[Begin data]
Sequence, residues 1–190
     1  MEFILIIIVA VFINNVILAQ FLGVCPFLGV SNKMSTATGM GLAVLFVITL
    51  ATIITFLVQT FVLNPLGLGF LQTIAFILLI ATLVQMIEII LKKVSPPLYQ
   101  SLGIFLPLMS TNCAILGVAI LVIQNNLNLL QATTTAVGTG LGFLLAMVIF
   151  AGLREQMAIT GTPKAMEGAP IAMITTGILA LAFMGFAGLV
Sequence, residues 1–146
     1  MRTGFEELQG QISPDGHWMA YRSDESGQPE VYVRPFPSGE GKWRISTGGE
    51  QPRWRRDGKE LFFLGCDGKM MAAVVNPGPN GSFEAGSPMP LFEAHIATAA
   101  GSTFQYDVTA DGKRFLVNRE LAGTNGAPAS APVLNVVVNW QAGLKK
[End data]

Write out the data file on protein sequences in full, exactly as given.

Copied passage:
Sequence, residues 1–190
     1  MEFILIIIVA VFINNVILAQ FLGVCPFLGV SNKMSTATGM GLAVLFVITL
    51  ATIITFLVQT FVLNPLGLGF LQTIAFILLI ATLVQMIEII LKKVSPPLYQ
   101  SLGIFLPLMS TNCAILGVAI LVIQNNLNLL QATTTAVGTG LGFLLAMVIF
   151  AGLREQMAIT GTPKAMEGAP IAMITTGILA LAFMGFAGLV
Sequence, residues 1–146
     1  MRTGFEELQG QISPDGHWMA YRSDESGQPE VYVRPFPSGE GKWRISTGGE
    51  QPRWRRDGKE LFFLGCDGKM MAAVVNPGPN GSFEAGSPMP LFEAHIATAA
   101  GSTFQYDVTA DGKRFLVNRE LAGTNGAPAS APVLNVVVNW QAGLKK